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Appearances Matter to Job Candidates

Tweaking your veterinary real estate can help in the recruitment and retention of talented individuals.

Appearances Matter to Job Candidates

Studies show that one-third of the average person’s life is spent at work. Veterinarians, on the other hand, often work 10- to 12-hour days, and sometimes more. As the veterinary sector struggles with employee shortages, the competition for hiring and retaining the best talent remains high nationwide. If you’re going to spend one-third of your life at work, chances are you care about your environment. Factors such as the physical appearance of a veterinary practice can play a huge role in building out the team you need to succeed.

A study performed by Terravet Real Estate Solutions in conjunction with Circa Healthcare and Brief Media showed that 96% of veterinarians believe that a practice’s appearance and layout are influential factors during the consideration of job offers.

Below are three reasons that practice owners should consider investing in the look and feel of their clinics to attract and keep talent.

1. Office Design Matters to Younger Employees

As more baby boomers retire, millennials and Generation Zers are taking over the veterinary workforce. When practices compete for the best talent, an aesthetically appealing environment provides a competitive edge. After all, first impressions are everything. Ninety percent of recruiters say that today’s job market is candidate-driven. Therefore, investing in your practice to increase your chances of hiring the talent you need is imperative for success.

“The look and feel of a hospital are so important,” said Laura Robinson, DVM, a lead veterinarian with Pawp. “I know when I was interviewing, how I felt in the hospital was a huge factor in my decision. I believe a warm, welcoming environment makes a world of difference.”

2. Workplace Design Influences Human Health

At a time when employee well-being is a popular topic of discussion among employers, research has shown that physical design can affect mental health. A professor at UCLA’s School of Public Health, Dr. Richard Jackson, said real estate developers and architects could play an important role in achieving public health goals.

As many veterinarians, veterinary nurses and staff members endure high levels of workplace stress, practice owners can invest in creating a physical environment that supports the team’s mental health. Environmental psychology research has shown that physical environments can play an essential role in promoting mental and physical health. While the building itself won’t be the sole factor in promoting mental health, a practice owner can do something about it.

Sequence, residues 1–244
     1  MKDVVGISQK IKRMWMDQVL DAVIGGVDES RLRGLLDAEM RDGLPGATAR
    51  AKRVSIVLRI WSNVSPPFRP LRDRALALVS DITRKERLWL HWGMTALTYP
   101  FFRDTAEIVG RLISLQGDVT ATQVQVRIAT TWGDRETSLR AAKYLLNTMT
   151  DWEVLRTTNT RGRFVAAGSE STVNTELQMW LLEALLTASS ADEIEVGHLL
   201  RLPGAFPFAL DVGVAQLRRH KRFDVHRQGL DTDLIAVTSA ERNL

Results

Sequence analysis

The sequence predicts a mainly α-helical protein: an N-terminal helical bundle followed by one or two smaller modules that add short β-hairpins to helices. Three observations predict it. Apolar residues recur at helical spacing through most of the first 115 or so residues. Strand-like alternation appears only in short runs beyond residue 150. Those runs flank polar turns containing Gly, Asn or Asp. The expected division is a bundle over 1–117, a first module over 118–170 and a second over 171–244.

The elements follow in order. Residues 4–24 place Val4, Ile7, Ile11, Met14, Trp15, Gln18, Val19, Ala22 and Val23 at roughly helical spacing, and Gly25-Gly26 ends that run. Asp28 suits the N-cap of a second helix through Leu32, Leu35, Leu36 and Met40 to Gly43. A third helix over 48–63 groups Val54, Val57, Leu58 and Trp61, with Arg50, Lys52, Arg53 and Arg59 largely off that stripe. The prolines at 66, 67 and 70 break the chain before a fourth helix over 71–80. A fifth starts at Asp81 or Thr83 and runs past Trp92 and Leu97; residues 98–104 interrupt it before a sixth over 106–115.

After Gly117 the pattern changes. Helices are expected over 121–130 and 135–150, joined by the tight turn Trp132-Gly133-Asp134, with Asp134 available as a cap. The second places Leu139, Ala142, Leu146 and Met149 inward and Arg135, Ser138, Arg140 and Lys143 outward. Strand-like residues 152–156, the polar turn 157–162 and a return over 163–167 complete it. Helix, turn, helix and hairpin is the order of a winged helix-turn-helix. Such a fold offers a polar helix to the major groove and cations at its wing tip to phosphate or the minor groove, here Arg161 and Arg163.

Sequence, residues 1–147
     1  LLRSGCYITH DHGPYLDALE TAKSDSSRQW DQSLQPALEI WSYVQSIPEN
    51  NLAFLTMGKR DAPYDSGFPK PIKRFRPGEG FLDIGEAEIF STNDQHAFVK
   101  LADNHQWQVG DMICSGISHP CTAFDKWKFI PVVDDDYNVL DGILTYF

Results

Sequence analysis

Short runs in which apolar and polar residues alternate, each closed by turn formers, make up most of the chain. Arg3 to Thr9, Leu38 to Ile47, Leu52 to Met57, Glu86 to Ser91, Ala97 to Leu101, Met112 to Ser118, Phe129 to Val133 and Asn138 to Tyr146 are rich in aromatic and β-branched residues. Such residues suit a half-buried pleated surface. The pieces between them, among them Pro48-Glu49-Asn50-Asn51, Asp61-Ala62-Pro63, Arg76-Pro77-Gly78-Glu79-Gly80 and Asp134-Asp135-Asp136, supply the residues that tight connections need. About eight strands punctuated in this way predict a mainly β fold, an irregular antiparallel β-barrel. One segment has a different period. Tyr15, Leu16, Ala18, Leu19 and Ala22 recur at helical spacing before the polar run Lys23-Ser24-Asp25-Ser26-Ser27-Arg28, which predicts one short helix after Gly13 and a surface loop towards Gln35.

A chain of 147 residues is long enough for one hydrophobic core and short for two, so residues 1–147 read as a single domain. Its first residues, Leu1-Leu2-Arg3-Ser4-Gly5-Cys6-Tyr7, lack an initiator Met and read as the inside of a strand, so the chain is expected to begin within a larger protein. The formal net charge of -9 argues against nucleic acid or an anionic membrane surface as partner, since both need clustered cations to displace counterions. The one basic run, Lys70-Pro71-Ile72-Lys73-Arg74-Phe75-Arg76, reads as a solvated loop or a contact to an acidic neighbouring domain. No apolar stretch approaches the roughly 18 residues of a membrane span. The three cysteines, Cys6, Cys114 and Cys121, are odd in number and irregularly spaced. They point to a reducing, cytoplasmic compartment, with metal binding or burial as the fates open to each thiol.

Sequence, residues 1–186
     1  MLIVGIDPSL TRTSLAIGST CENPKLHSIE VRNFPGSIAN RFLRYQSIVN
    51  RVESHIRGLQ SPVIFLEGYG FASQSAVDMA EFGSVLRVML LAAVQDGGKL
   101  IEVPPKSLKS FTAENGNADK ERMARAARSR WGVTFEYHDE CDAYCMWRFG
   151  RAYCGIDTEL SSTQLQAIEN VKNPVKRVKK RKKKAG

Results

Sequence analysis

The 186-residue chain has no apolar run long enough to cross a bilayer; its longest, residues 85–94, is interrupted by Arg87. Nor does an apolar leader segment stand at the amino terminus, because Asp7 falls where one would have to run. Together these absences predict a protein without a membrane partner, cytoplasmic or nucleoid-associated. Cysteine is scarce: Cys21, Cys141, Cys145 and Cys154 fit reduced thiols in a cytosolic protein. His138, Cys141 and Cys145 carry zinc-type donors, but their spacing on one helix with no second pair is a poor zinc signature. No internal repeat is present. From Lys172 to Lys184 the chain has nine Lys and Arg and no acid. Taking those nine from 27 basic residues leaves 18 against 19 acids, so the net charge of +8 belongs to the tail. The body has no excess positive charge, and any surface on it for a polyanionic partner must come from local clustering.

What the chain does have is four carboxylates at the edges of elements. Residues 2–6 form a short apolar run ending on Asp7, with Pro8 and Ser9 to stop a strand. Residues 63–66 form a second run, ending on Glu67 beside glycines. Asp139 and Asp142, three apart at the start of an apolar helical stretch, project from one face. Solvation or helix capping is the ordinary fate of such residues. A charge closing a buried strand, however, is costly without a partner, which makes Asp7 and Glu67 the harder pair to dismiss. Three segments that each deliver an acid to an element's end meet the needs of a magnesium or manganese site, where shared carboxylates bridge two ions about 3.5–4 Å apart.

A report in Psychology Today showed that natural light and collaboration zones separated by acoustic panels were a couple of critical factors in reducing stress.

3. Establish a Sense of Community

When employers think of creating community, many imagine social activities in which their teams can partake. However, that’s just one element that contributes to community building. Gallup, a global analytics and advice firm, found that creating communal space was a notable contributing factor in keeping a team engaged. In fact, staff members are 1.5 times more likely to be engaged throughout the day if they can connect with colleagues from time to time.

Whether it means brief interactions in a communal room, relaxing in a wellness space or creating a flow that allows for social interaction, they all help establish a sense of community. In the veterinary profession, this is particularly important due to the nature of the job. Therefore, evaluating the look and feel of your office space is the perfect time to reflect on the culture you wish to emulate through the building’s physical aspects.

The Terravet Real Estate survey referenced earlier also showed that over half of veterinarians felt their practice configuration wasn’t suitable for change. However, this is something a practice owner can control.

“The COVID-19 pandemic has had a profound impact on the role in which modern and efficient facilities are playing in the marketplace, especially in regard to the hiring of top talent,” said Stacy Pursell, the founder and CEO of The Vet Recruiter. “The pandemic has helped to create substantial growth within the veterinary profession due to the fact that people were at home with their pets more and are spending more money on them. As a result, many practices are growing and in need of top talent to keep up with the growing demand.”

Don’t underestimate the power of your veterinary real estate to take your business to new heights. When planning your practice’s future, identify long-term goals that will grow your team and prioritize the changes you need to implement in your clinic.

Terravet Real Estate Solutions founder and CEO Daniel Eisenstadt is an expert in veterinary real estate and co-founder of Community Veterinary Partners, a regional corporate operator of veterinary practices. He has garnered a great deal of insight from the challenges of 2020 and 2021 as they relate to the future of veterinary real estate.

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